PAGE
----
What is it about indoctrinating religion into a person that causes critical thinking to fossilized? Sometimes religion doesn't give the brain a chance to break in to get it running smoothly like one would do for a new engine. It seems for millions of people, religion puts a choke-hold on thinking and instead, pans out cookie cutting ideas and ethics that was handed down for thousands of years. I am not sure how I can explain this but by my own example.....sometimes I struggle critical thinking to the point that I get mental fatigue and frustrated. I can express things through using metaphors, allegories , imagery and the likes quite easily. (These a great tools for being sarcastic without the other person being aware of it) However, were I to write or think out the when, where, hows , why, and what to write out a process about, say, racism or how to make a birdhouse I stumble through swamps of confusions ( see? I just did a imagery and metaphor). Religion do use imaginations as a foothold on kids. I have all the mental pictures and ideas in my head, but putting it down on paper and make all the ideas connect smoothly is like car driving while minding the back seat screaming kids while a cat is thumping under your car....oy vey!
The reason is simple, Thomas: most religions deal in DOGMA and DOCTRINE, both of which are certified 100% god-inspired, sacred, and therefore not subject to examination, questioning, or [heaven forbid!] ridicule. Further, the base beliefs these systems depend on are taught to children at an age when their intellectual and discriminatory skills are barely in evidence, making them easy targets for indoctrination to the point of brainwashing. The real capper is when they add the ultimate carrot-and-stick of heaven for the good little believers and hell for those who don't.
The problem comes, of course, when differences in the real world impinge on those superimposed beliefs, sometimes creating cognitive dissonance and requiring compartmentalization to minimize the accompanying discomfort. What happens then is a function of the individual and their willingness to look honestly at what is going on in the world around them and assess that against what they've been taught.
Believers are taught "WHAT to think" as opposed to "HOW to think," and if any single facet could cause thinking to "fossilize," as you put it, there you are.
Loren, powerful response! I agree!
Oh, they're very aware. Critical thinking skills have been on their hit list for decades.
Okay, I'll try:
A couple thoughts there. If you can improve on 'em, please do! I'd like to see your input, Thomas (and for that matter, everyone else!).
These are great list! I have nothing to add. Yet!
The operant business is Thinking For Yourself and coming to your own conclusions, as well as Bertold's observation about thinking critically and I would add skeptically.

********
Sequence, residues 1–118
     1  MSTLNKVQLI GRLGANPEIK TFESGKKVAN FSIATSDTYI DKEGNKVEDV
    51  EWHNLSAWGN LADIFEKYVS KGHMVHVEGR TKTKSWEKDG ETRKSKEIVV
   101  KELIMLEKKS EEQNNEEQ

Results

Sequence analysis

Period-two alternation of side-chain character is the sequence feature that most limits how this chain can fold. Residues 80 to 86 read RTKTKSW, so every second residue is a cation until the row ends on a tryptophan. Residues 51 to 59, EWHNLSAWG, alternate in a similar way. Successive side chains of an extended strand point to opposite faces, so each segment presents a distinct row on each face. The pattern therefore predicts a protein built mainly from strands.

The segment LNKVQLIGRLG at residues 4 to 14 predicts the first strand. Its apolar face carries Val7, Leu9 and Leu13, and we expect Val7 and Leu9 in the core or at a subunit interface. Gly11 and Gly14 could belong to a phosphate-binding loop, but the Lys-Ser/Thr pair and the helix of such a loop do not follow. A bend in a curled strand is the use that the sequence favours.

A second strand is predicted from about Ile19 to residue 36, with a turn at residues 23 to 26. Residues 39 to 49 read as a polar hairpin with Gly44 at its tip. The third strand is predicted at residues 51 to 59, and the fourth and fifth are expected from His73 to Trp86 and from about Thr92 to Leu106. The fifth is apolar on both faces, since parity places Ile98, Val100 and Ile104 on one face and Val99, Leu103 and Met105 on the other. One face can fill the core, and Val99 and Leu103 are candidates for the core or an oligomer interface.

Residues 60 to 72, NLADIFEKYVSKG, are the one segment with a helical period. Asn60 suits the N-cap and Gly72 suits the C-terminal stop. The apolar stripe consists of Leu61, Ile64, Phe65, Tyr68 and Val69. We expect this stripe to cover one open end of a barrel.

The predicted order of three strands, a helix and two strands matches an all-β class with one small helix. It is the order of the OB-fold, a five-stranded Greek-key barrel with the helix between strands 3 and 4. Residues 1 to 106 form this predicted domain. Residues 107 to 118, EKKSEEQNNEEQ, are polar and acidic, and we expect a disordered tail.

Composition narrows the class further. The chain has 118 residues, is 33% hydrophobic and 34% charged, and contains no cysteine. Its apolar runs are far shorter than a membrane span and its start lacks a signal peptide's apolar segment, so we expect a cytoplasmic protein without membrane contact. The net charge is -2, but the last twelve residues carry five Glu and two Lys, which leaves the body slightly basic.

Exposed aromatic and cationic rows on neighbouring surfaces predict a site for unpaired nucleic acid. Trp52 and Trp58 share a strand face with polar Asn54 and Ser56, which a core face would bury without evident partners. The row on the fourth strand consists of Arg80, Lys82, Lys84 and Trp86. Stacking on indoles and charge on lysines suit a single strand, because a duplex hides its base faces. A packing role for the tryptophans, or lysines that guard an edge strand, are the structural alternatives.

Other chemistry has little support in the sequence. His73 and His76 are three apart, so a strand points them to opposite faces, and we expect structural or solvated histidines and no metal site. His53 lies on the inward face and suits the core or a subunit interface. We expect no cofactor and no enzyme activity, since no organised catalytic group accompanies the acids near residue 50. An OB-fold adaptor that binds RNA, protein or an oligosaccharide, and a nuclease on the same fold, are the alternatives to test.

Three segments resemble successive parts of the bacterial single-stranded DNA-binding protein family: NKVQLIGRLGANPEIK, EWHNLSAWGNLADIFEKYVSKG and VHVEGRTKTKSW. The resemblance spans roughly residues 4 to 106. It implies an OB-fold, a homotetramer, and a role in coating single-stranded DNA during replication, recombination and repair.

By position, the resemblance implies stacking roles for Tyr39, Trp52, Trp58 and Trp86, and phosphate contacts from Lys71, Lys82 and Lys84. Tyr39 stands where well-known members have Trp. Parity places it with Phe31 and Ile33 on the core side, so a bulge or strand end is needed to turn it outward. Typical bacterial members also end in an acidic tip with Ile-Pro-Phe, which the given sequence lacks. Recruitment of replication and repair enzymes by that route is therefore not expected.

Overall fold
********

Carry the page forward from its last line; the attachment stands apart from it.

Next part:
Part of this comes up with bible study. Do you suppose that anyone ever brought up Psalms 137:9 in a discussion? Or perhaps Judges 19:22-30? Or maybe get REALLY ripe and trot out Ezekiel 23:20? Of course not. The study leader makes what I suspect are rather strong suggestions and Reads The Bible TO Them! Otherwise, someone might discover how much wanton murder goes on in the old testament and how immoral the books of the law are, never mind the vast numbers of contradictions the bible holds within its pages.
This is why you'll see the following quote all over Atheist Nexus:
Properly read, the Bible is the most potent force for atheism ever conceived.
-- Isaac Asimov
Psalms 137:9 King James Bible
Happy shall he be, that taketh and dasheth thy little ones against the stones.
Oh! This is too awful, disgusting, barbaric! How can anyone claim the bible as a source of knowledge?!
She lusted after her lovers, whose genitals were like those of donkeys and whose semen was like that of horses.
I think I have read enough for one day. These stories make me think of the scoundrel, Trump
Yes, metaphors, allegories, and imagery provide valuable tools for explaining difficult ideas, or to make something rememberable.
One of my favorites is an image Brian Greene gave years ago. String theory may not prove to exist, but at least we can visualize the concept.
Kathy, it is a struggle when loved ones put faith in a god that fails to reveal himself and believes superstitions.
When I am with relatives and they bring up religion, I ask them the same kinds of questions as you. I also use the techniques of Peter Boghossian, A Manual for Creating Atheists. He uses Socratic questioning. I am not interested in changing their minds, I am interested in inviting them to think through the things they believe. It is true, whenever we are together, one of them brings up religion while the others roll their eyes and groan; some verbally object. I laugh because it is funny. But I hang in as long as someone wants to discuss religion.
I would have looked her square in the eye and said, "Pascal's Wager? SERIOUSLY?!?" I'd be pretty dubious that she would even know what PW was in the first place, but then of course, that's a jumping-off point for a whole separate discussion. I mean:
And the list goes on and on.